Bela Fleck, Edgar Meyer and Zakir Hussain

Bela Fleck keeps the banjo fresh in eclectic trio

From left: Béla Fleck, Zakir Hussain and Edgar Meyer create a whole new sound combining banjo, tabla percussion and stand-up bass, respectively.

From left: Béla Fleck, Zakir Hussain and Edgar Meyer create a whole new sound combining banjo, tabla percussion and stand-up bass, respectively.

Photo By Jim McGuire

Béla Fleck, Edgar Meyer and Zakir Hussain perform Wednesday, April 13, 7:30 p.m., at Laxson Auditorium.
Tickets: $16-$28.
Laxson Auditorium
Chico State, 898-6333,

Laxson Auditorium

Chico State
Chico, CA 95929

(530) 898-6333

The long-suffering banjo is regarded by too many people as the backwoods cousin of more cultured instruments, suitable solely for sound-tracking square dances, shotgun weddings and Ned Beatty’s greatest degradation.

Banjo discriminators need look no further than Béla Fleck to change their perspective. Best known for his work with the Flecktones, Fleck has collaborated with everyone from Chick Corea to Phish, won 11 Grammys and been nominated in more categories than anyone else.

One of Fleck’s latest endeavors is touring with virtuoso bassist Edgar Meyer and world-renowned tabla player Zakir Hussain in support of the trio’s 2009 album The Melody of Rhythm: Triple Concerto & Music for Trio. The album’s title tracks are a three-part concerto performed with the Detroit Symphony Orchestra, the rest a dizzying demonstration of master musicianship. Among other endeavors, Fleck is also at work on his first solo concerto, commissioned by the Nashville Symphony. Busy as he is, Fleck managed to squeeze in an interview with the CN&R in advance of his trio’s Chico Performances gig at Laxson Auditorium Wednesday, April 13.

CN&R: How was writing a classical piece with collaborators different from your normal writing process?

Fleck: This was a very different challenge, since there were three voices to consider in the writing and the playing. Edgar was the commander in chief, with more of an overview of how to make this work for the orchestra. Zakir gave us a lot of source information to build from, and whenever a solution was needed for a problem, he could be counted on to sing us the solution. I stuck my nose in wherever I could.

The song “Bubbles” lists you as the sole songwriter. Did you write it for this project or was it written earlier?

This is a piece I originally wrote to play with Evelyn Glennie, but we never got to it. I showed it to Chick Corea, but it didn’t get picked for our collaboration. I have lots of pieces that are sitting around waiting for the right home. You never know where that will be until you try.

I understand you first met Edgar playing on the street. Do you guys ever put on disguises and sneak out to play street corners?

No we don’t, but we wouldn’t be averse to it in the right situation. I have done that sort of thing on occasion with Tony Trischka, my banjo teacher. I learned good things on the street in Boston, when I did that a lot. You have to figure out how to hold a passing crowd. It’s not that easy.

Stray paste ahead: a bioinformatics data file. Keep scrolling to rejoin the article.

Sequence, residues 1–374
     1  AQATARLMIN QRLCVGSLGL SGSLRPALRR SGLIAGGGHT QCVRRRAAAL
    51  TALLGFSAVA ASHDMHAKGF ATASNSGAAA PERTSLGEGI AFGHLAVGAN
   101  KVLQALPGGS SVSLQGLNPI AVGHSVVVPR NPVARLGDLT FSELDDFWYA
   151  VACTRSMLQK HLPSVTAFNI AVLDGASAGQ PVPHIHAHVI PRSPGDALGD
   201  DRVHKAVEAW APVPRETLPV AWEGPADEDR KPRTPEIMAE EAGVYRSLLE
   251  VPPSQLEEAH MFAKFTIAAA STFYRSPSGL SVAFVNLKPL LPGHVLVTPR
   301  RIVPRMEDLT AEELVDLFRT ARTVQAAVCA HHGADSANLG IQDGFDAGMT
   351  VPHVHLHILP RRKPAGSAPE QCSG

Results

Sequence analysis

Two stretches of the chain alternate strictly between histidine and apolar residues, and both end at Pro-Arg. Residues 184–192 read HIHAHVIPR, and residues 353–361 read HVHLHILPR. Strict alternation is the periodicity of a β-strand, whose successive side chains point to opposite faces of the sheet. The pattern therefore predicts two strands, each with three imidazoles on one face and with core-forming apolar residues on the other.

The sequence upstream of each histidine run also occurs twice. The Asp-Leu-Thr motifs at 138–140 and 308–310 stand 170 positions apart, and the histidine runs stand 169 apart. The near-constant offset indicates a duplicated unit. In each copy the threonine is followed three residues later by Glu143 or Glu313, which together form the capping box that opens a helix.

Does the Grammy office have you on speed dial?

We have a dumbwaiter. It goes from L.A. to Nashville.

Listening to The Melody of Rhythm makes my brain tingle in odd places. Can listening to music make you smarter?

I think that when you open yourself up to new music, there can be a settling-in period. Then on repeated listening, you “get it.” I imagine something positive has happened in your brain during that process. The challenge is good for you.

You’re writing a new concerto just for banjo. What are the pros and cons of tackling it alone?

The positive is that I can work at my pace, and follow my own ideas through. With Edgar and Zakir, everyone had to OK everything, and I didn’t feel very free. That being said, I love what we came up with. There were a lot of restrictions though. So this time, for better or for worse, I can follow my muse freely, and I think I am coming up with different ideas than I have had before.

Have you considered scoring films?

I like the idea of scoring the right film that I am well suited for. In order to get that work, you have to be willing to work on anything and learn the ropes, plus develop a reputation. And the director is your boss and you have to write very quickly, when the cut is finished. So if the cut were done at an inconvenient time—like when I was on tour in India and they needed the music in two weeks—it would cause a lot of difficulty. Those are the impediments, but I’d love to do the right film, or films. I recently got to play on a film score for a film called The Convincer. They gave me a prominent role and I enjoyed doing it.

What’s next?

The Flecktones have made a new album together, this time with Howard Levy, the harmonica/ piano player who played on our first three albums. We’ll be touring through this next year. I am also doing a collaboration with jazz-piano great Marcus Roberts. First we are doing one show, and if it goes well, it could turn into something more. I look forward to doing a duet project with Abigail Washburn one of these days as well.

Finally, I just inherited a banjo from an old friend and am determined to play it. Any advice?

Slow and steady wins the race!